The previous episodes of the show had a subtlety to them that Morgan is capable of providing. In “Replay”, for example, we aren’t too concerned with the why of the old camcorder that can rewind time. We only care about how that episode’s hero, Nina (Sanaa Lathan), using that technology enough to save her son from death all while subtly explaining the black experience in America and police brutality.
“A Traveler” seems to want to focus on the gimmick portion, not the message. In the end, A Traveler is really an alien from space (!) and Captain Pendleton’s deal with the Russians to sell military secrets was just a way for the aliens to get in and literally invade the planet. The episode spends too much time selling us a literal why that it forgets to provide us an actual how this affects our human characters who, usually, are substitutes for humans en masse.
And while the writing and directing fail to inspire, the acting is superb, from both established names and unknowns alike. Marika Sila, in only her third credited role, is excellent as the all-business Yuka. Her foil, Captain Pendleton, is played by Academy Award nominee Greg Kinnear, an actor who has been able to play varying roles with subtle shades of either benevolence or malevolence. He needs both for Pendleton and pulls it off well.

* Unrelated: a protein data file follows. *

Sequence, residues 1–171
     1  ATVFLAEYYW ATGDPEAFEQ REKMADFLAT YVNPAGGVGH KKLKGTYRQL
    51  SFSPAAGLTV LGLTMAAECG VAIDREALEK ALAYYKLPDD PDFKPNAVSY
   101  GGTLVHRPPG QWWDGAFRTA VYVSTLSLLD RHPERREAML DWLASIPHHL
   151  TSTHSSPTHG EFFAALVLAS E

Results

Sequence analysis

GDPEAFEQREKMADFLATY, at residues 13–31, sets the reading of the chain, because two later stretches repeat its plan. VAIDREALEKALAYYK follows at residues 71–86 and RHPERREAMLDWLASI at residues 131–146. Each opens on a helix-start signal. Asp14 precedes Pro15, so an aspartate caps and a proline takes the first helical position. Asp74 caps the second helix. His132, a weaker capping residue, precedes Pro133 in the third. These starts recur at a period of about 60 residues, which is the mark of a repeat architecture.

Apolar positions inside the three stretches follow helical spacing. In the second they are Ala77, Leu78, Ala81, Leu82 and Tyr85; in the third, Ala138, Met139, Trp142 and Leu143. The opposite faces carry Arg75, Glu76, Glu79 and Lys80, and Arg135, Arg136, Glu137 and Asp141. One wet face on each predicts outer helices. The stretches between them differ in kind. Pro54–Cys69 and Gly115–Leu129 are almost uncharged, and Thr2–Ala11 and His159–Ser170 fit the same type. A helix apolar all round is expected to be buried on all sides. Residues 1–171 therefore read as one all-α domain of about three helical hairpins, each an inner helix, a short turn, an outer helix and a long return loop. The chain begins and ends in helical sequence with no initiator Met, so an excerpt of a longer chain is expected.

The star of the episode is meant to be Steven Yeun, notable for the recent films Mayhem and Sorry To Bother You. Much like the staged atmosphere alleging tension, Yeun’s charm seems artificial. He makes for a handsome stranger but, either from a script standpoint or from his own interpretation, Yeun is not subtle enough to pull off his end of the bargain. In fact, it made me think that Kinnear would have been a better choice due to his unique acting history of playing “aw, shucks” good guys and slimy dirtbags, sometimes at the same time.
Overall, while the episode does convey a “what-will-happen-next” effect on the viewer (nothing is exactly telegraphed plot-wise), it is more because of the jumbled mess of concepts and not some master plan of storytelling. You’ve got a well acted, technically competent episode that lacks any “umpf” with its messaging.
If this is your first episode of the new Twilight Zone, don’t let this be the determining factor in catching other installments. As far as I’m concerned, the show is three-for-four and deserves continued attention despite the hiccup.